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Cancer Survivors Honored for Courage, Resilience

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Amber Horn, who survived spinal cord cancer, spoke at the Cancer Survivors Day luncheon June 16.

Tears, cheers and laughter animated the 31st Annual Cancer Survivors Day luncheon on June 16 at the Sofitel Los Angeles at Beverly Hills. Two banquet rooms were needed to accommodate more than 500 survivors, their friends and family, and Cedars-Sinai staff who attended.

The invitation-only event is open to cancer survivors from the Samuel Oschin Comprehensive Cancer Institute, including its affiliates.

"This isn't just a luncheon. It's a really important day that validates and celebrates all that our patients have been through, and applauds their resiliency," said Arash Asher, MD, director of the Cancer Rehabilitation and Survivorship program at the cancer institute.

Cancer survivors’ stories — including those of speakers Amber Horn and Shelly Gossman — inspired the audience.

"Amber and Shelly weren't pollyannaish about their difficult journeys, but they also made it clear that cancer doesn't have to take away your joy or your ability to embrace life," Asher said.

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Terri Crumpton, diagnosed with breast cancer in June 2015, celebrated her triumph over cancer at the luncheon.

Horn, 38, spoke about being diagnosed with spinal cord cancer seven years ago. A successful Hollywood casting director, she likened her medical journey to a comedy/horror movie.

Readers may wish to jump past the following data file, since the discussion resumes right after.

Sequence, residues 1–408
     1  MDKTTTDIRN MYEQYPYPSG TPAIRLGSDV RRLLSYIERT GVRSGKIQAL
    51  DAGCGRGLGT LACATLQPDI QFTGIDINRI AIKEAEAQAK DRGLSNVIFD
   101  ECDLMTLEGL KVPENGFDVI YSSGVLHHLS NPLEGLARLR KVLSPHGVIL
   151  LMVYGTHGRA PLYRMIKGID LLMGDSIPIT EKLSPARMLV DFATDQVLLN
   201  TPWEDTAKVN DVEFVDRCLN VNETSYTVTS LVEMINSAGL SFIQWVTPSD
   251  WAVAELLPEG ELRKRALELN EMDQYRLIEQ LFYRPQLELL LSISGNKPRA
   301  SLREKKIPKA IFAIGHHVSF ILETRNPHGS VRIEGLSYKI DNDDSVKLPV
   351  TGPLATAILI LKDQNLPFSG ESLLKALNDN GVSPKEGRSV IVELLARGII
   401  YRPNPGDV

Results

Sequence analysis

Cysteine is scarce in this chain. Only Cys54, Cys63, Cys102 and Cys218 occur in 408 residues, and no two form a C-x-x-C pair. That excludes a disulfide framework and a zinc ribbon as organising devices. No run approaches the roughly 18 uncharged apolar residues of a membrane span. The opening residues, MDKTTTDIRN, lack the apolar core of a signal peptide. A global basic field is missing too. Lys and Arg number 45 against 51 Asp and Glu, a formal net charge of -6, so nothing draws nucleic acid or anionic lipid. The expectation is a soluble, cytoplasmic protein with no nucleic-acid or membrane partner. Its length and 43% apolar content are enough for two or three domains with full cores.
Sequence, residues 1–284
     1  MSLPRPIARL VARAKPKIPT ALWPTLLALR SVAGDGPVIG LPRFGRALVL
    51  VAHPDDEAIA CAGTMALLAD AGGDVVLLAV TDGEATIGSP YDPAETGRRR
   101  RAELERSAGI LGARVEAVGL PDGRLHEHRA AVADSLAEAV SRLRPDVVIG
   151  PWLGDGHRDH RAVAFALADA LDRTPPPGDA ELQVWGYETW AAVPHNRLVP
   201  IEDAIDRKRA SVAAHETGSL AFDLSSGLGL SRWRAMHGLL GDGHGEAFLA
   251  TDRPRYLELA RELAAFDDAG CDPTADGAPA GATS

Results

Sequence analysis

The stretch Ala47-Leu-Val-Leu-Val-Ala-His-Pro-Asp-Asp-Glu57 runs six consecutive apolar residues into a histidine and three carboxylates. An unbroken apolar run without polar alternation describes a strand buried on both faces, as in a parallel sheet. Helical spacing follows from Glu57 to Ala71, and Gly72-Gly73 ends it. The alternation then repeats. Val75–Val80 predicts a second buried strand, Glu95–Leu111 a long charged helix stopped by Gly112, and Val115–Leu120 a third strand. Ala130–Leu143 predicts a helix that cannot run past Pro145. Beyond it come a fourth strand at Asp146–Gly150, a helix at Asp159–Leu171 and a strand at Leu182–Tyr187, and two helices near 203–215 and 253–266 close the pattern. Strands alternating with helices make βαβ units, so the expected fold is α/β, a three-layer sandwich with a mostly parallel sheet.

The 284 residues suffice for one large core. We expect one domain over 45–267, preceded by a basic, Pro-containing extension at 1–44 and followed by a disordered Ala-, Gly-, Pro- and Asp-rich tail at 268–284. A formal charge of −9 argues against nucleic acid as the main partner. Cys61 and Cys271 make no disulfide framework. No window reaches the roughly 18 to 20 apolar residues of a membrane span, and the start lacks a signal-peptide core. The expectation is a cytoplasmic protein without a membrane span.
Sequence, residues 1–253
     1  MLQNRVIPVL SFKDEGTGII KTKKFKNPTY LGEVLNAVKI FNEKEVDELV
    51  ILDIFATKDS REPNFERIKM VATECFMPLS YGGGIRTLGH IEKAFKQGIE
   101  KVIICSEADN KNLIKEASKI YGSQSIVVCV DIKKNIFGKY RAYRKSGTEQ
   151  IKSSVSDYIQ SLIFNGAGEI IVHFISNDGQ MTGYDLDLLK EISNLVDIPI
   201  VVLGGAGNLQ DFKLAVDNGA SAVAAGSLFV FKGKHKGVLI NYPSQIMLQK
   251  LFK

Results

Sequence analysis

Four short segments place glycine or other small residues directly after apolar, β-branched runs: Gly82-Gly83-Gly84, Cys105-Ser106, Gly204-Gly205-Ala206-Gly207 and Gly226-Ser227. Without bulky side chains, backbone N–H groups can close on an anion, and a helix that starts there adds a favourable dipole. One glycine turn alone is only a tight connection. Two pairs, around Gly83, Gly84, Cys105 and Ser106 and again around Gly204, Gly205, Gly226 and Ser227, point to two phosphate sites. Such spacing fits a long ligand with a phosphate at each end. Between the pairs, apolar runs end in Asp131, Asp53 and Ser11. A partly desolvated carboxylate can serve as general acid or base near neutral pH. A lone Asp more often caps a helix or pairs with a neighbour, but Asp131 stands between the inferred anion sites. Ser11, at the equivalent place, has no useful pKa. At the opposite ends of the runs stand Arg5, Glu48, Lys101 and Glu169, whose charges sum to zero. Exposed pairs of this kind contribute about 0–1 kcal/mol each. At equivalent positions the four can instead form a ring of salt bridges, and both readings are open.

"There was a monster inside my spinal cord that would likely leave me paralyzed," she said. That prognosis played out, but not permanently. After spending a year in a wheelchair, the Texas native regained her mobility.

The comedy tag, she explained, "reflects the laughter I deployed to get through some of the toughest moments," including excruciating post-surgical pain, grueling radiation treatments and chemotherapy.

"I learned how strong I am," Horn said. “I learned that anything is possible, and you can't stop believing." One word summed up her greatest takeaway: "gratitude."

Also at the podium was Gossman, a comedian whose credits include popular television shows like Saturday Night Live and Raising Hope, and The Second City comedy club in Chicago. She riffed on the root of her current happiness.

"I'm 39 and can't wait to turn 40," she said. "A lot of my friends are sad about getting older, but I couldn't be happier. Cancer makes me appreciate every day, every wrinkle, every person who cuts me off in traffic. Honking reminds me I'm alive!"

She has faced cancer twice, so that outcome was far from certain.

At 23, the Wisconsin native was diagnosed with non-Hodgkin lymphoma. A five-year battle ensued that Gossman won.

While working the main stage at The Second City, she was asked by Gilda's Club Chicago — a cancer-support organization — to teach patients improvisational comedy techniques as a means of managing stress. Gossman accepted and found a new calling.

"It was one of the best things I'd ever done in my life," she said.

Television writing gigs landed Gossman in Los Angeles, but at age 36 an unexpected plot twist arose: triple negative breast cancer. "I started chemo on my first wedding anniversary," she said, fighting back tears.

Gossman prevailed over what she jokingly dubbed "Cancer Part Two: Electric Boogaloo." She recently started writing for A.P. Bio, an NBC sitcom premiering this season, and has returned to teaching improv as a cancer-coping tool.

In closing, Robert Figlin, MD, deputy director of the cancer institute's integrated oncology service line, told guests, although Cedars-Sinai already is Southern California's largest cancer-care provider, it's committed to growing its cancer-care network.

"I thank each of you for sharing part of your day with us," Figlin said. “And congratulations to all on your inspiring journeys."

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Stephanie Lovick of Marina del Rey was at the luncheon to celebrate completing breast cancer treatment.